An infinite simple continued fraction

$$\frac{1}{b_1 + \frac{1}{b_2 + \frac{1}{b_3+\dots}}} (b_i\in\mathbb Z)$$

is irrational. Now for a generalized continued fraction:

$$\frac{a_1}{b_1 + \frac{a_2}{b_2 + \frac{a_3}{b_3+\dots}}} (a_i,b_i\in\mathbb Z),$$

the same conclusion is apparently not valid. Legendre gave a sufficient condition for irrationality:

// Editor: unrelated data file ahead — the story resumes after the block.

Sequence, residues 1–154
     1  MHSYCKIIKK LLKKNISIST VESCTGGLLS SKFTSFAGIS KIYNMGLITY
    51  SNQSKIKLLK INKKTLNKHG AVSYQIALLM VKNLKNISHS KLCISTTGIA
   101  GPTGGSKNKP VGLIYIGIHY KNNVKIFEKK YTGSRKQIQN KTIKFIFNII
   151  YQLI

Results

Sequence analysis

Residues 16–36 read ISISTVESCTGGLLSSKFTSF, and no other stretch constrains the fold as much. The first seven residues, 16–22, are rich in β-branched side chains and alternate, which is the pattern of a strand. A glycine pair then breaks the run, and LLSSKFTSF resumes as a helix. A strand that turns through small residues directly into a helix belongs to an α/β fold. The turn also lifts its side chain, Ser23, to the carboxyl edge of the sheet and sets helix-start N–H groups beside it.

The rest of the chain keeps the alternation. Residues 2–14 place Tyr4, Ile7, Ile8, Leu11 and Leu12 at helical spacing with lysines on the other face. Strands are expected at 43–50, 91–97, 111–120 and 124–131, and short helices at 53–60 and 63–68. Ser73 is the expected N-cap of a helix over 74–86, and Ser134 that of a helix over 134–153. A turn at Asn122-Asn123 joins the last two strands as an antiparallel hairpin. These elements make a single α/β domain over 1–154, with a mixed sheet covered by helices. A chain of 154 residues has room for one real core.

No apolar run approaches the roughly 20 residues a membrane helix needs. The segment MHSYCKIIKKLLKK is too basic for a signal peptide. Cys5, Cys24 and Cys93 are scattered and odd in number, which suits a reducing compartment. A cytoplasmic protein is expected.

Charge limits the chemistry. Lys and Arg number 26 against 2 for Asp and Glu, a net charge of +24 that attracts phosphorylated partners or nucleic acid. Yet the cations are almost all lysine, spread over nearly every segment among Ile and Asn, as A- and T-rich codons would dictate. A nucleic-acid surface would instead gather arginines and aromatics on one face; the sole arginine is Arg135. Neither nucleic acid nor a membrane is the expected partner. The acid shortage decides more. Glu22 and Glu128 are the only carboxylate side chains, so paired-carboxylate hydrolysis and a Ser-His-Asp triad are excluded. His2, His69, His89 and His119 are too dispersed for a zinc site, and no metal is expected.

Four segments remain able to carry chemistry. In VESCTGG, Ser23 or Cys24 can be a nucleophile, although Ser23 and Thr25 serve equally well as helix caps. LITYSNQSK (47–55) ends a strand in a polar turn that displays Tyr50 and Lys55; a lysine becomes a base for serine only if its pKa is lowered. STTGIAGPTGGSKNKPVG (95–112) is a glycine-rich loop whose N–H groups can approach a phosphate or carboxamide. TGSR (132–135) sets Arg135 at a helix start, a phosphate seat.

$$|a_i|<|b_i|$$

for any $i$ large enough.

Can this result be strengthened in any way? Especially, might it hold for $a_i, b_i\in\mathbb Q$?

Also, can anyone give an example of an infinite generalized continued fraction that converges to a rational, showing that some condition on the $a_i, b_i$ is needed for irrationality?

positiveintegers. $\endgroup$ – Gerry Myerson Feb 23 '17 at 11:15